Celebrating Our Anniversary at Crystal Bridges Museum of American Art

We generally do not celebrate our wedding anniversary on the actual day–February 24, because it usually falls during the Preaching-Teaching Convention at Ozark Christian College. However, this year February 24 fell outside the convention dates. We celebrated our 51st anniversary at Crystal Bridges Museum of American Art.

We drove seventy miles to Bentonville, Arkansas and had an early lunch at Atlanta Bread. We spent four hours enjoying the wonderful art collection at Crystal Bridges Museum of American Art in Bentonville.

The museum, founded in 2005 by youngest daughter of Sam Walton, Alice Walton, opened in November, 2011. The unique design by Israeli architect Moshe Safdie features a series of pavilions built around two creek-fed ponds, surrounded by 120 acres of forests and gardens with walking trails. We were impressed by the arched wooden beams in the pavilions.

Experts rate this museum as among the nation’s elite art museums. Walton, a billionare, spared no expense in assembling an outstanding collection. She paid a reported $35 million for Asher Durand’s “Kindred Sprits,” showing two men on a ledge in the Catskill Mountains. This painting shows amazing detail and impressive perspective. A reported $20 million acquired Thomas Eakins portrait of a medical professor. More than 400 works are on display, with 800 more in storage.

The permanent collection, “Celebrating the American Spirit,” features masterworks from the Colonial period through twentieth century contemporary art. Prominent in the Revolutionary War period are Gilbert Stuart’s portrait of George Washington (1796) (the one on a $1 bill) and Charles Wilson Peale’s of Washington (1779). As you move through the galleries you encounter early settlers, American Indians, Civil War paintings, landscape paintings, Rockwell’s “Rosie the Riveter” from World War II, paintings from the civil-rights era and twentieth century contemporary art.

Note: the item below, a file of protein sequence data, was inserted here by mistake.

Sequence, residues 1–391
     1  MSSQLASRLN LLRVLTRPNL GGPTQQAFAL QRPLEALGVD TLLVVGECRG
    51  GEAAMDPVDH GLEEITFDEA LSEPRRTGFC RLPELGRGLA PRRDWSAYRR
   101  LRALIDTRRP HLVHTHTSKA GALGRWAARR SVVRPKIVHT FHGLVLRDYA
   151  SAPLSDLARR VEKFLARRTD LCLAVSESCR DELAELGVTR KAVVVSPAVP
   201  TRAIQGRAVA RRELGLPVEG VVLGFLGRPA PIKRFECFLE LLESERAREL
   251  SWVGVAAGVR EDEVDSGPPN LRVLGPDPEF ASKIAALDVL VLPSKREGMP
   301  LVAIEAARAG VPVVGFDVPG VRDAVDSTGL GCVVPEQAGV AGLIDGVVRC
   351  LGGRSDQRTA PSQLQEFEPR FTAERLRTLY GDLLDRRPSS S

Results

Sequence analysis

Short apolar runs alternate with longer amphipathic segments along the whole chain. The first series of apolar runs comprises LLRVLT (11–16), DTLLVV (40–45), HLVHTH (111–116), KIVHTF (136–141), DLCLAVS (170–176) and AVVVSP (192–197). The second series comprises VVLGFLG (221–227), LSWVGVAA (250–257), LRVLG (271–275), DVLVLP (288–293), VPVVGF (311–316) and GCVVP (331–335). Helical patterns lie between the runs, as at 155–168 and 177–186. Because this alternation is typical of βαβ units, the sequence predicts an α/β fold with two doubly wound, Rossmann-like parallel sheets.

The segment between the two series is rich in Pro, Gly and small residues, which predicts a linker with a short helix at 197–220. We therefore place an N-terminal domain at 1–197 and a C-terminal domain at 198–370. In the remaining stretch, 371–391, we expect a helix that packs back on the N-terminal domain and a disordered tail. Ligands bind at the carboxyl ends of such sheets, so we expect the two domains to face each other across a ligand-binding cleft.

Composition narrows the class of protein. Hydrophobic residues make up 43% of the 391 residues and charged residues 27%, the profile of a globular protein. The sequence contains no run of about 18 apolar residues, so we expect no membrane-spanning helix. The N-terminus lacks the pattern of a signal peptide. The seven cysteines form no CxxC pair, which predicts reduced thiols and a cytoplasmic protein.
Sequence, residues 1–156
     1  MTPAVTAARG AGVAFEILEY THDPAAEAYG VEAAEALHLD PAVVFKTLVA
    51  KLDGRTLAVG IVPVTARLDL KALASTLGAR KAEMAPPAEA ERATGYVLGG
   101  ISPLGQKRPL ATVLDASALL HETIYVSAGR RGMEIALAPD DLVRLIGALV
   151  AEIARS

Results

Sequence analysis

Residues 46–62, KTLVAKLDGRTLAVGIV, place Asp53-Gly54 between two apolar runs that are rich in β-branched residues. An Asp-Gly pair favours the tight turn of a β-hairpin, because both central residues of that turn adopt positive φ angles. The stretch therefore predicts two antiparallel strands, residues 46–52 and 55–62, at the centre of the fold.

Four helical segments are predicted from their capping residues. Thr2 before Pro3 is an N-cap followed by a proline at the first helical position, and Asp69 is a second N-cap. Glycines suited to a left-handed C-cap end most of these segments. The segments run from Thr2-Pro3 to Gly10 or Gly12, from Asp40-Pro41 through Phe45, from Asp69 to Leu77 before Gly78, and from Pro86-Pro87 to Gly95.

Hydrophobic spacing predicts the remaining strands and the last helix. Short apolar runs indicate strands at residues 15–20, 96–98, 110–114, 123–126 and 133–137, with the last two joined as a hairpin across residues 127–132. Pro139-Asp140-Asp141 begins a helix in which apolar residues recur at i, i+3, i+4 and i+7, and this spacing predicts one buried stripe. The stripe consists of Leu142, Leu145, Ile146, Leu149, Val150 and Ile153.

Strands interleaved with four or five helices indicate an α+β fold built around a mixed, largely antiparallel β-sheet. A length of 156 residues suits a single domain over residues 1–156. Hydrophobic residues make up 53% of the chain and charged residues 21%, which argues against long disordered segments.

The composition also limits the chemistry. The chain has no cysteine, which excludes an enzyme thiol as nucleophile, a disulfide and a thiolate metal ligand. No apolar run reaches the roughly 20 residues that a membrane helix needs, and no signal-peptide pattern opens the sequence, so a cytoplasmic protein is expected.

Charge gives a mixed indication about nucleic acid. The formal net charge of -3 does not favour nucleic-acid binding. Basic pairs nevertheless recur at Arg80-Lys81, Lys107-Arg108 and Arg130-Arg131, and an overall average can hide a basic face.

We enjoyed James Henry Beard’s painting, entitled “It Is Very Queer, Isn’t It?” (1885). A chimp is pondering a human skull and an ape skull and holding a booklet titled Darwin’s Descent of Man. The artist seems to be questioning the validity of Darwin’s theory of evolution.

The museum will also feature special changing exhibits. Currently (November 11, 2011–May 5, 2012) “Wonder World” presents nature and perception in contemporary art. A painting of a clock repairman in his shop was my favorite here. Two items that caught my wife’s eye were an ear with an ear horn (inspired by Beethoven’s ear horn) and a figure with many antique toys attached to it. Very unusual was a picture of the Last Supper make up of 20,700 spools of thread. The upside-down picture turned right side up when you looked through a glass ball.

Due to a twenty million dollar grant from Walmart, the museum charges no admission fee. A restaurant is on site. We spent four delightful hours in the museum and did not get to all of the galleries. We plan on a return visit. For more information about the museum check out their website–www.CrystalBridges.org.